Out of roughly 100 billion stars in the Milky Way galaxy, a new analysis of Kepler data shows that around 17 percent of them have Earth-sized planets orbiting them, meaning there could be as many as 17 billion Earth-sized worlds. Kepler’s mission is to find and document Earth-sized planets at greater distances. The more planets discovered with Earth-like orbits in the habitable zone, the greater the chances of extraterrestrial life.
Being a similar size to Earth isn’t the only qualification for a life-sustaining planet, there are other criteria…
#5. Does it contain the essentials elements for building and sustaining life (carbon, hydrogen, oxygen, nitrogen and phosphorus – arguably iron as well.)?
#4. Is it nice and warm during parts of the year and a little chillier during other parts of the year?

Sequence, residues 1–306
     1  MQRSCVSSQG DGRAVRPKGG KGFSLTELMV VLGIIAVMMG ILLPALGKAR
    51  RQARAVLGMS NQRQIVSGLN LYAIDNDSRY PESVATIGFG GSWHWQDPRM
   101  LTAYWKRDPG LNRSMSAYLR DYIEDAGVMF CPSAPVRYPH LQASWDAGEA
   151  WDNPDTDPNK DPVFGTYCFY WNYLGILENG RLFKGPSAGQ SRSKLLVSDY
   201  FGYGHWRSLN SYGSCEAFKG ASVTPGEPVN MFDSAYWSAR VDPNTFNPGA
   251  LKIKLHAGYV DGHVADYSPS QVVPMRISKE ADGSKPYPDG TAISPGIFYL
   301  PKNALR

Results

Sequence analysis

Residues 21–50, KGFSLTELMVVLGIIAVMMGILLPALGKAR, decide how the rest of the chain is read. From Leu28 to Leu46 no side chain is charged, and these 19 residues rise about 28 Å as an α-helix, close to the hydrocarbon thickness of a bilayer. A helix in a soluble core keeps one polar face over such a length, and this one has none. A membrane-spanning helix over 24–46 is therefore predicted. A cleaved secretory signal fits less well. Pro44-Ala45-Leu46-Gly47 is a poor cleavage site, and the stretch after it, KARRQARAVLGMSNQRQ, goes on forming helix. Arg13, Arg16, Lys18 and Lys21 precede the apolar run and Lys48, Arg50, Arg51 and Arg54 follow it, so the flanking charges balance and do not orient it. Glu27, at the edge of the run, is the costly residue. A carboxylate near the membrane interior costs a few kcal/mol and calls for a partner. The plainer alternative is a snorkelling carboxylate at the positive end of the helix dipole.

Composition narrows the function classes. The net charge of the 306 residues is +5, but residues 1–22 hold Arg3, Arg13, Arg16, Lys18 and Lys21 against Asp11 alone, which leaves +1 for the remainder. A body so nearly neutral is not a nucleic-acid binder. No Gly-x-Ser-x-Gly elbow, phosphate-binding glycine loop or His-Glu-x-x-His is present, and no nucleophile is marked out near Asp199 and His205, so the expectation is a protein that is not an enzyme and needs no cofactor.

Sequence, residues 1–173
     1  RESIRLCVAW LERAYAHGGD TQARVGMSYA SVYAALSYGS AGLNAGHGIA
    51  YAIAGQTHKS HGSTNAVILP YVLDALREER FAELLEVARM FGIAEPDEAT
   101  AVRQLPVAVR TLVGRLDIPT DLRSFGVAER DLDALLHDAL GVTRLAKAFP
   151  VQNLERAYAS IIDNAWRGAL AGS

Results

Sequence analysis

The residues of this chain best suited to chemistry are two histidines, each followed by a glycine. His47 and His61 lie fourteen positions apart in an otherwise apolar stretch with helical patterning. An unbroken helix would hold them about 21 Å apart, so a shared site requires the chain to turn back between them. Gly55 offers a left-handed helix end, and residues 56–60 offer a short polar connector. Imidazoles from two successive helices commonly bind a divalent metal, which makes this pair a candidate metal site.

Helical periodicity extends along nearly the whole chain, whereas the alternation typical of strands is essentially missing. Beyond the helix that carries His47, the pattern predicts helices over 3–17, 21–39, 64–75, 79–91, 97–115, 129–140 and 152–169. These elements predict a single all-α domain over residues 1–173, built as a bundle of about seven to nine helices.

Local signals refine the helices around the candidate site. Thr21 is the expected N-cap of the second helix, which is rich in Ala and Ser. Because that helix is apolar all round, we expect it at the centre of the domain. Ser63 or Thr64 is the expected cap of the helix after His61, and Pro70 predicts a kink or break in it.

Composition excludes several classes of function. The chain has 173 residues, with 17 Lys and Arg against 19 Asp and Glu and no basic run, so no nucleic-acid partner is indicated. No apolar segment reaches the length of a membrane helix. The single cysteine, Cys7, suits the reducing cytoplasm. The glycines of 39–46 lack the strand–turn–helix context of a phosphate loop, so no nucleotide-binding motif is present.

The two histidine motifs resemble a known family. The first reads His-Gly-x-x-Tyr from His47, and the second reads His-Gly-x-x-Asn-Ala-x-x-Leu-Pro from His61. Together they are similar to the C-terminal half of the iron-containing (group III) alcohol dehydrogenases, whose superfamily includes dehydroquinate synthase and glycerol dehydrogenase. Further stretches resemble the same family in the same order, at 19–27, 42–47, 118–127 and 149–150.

#3. Are there little people all making noises, yelling, waving and holding big signs saying “this speck contains life”? (ala Horton Hears a Who) #2. Is it pristine and beautiful and does it contain enough inner wealth so we might lay it to waste in an orgy of self indulgence?
WikiPedia says: A supermoon is the coincidence of a full moon or a new moon with the closest approach the Moon makes to the Earth on its elliptical orbit, resulting in the largest apparent size of the moon’s disk as seen from Earth.
The next occurrence will be on 23 June 2013. This full moon will not be only the closest and largest full moon of the year. It also presents the moon’s closest encounter with Earth for all of 2013. The moon will not be so close again until August, 2014.
So, what you’re saying is, the moon will be closer and look larger than at any other time this year? Got it.
But really… we need to work on a name. “Supermoon” is a little too pedestrian for this colossus in the sky…
Suggested names for the Super Moon…
#5. Moon du Souper.
#4. Big Cheese?
#2. No larger than usual, but appearing larger than usual moon.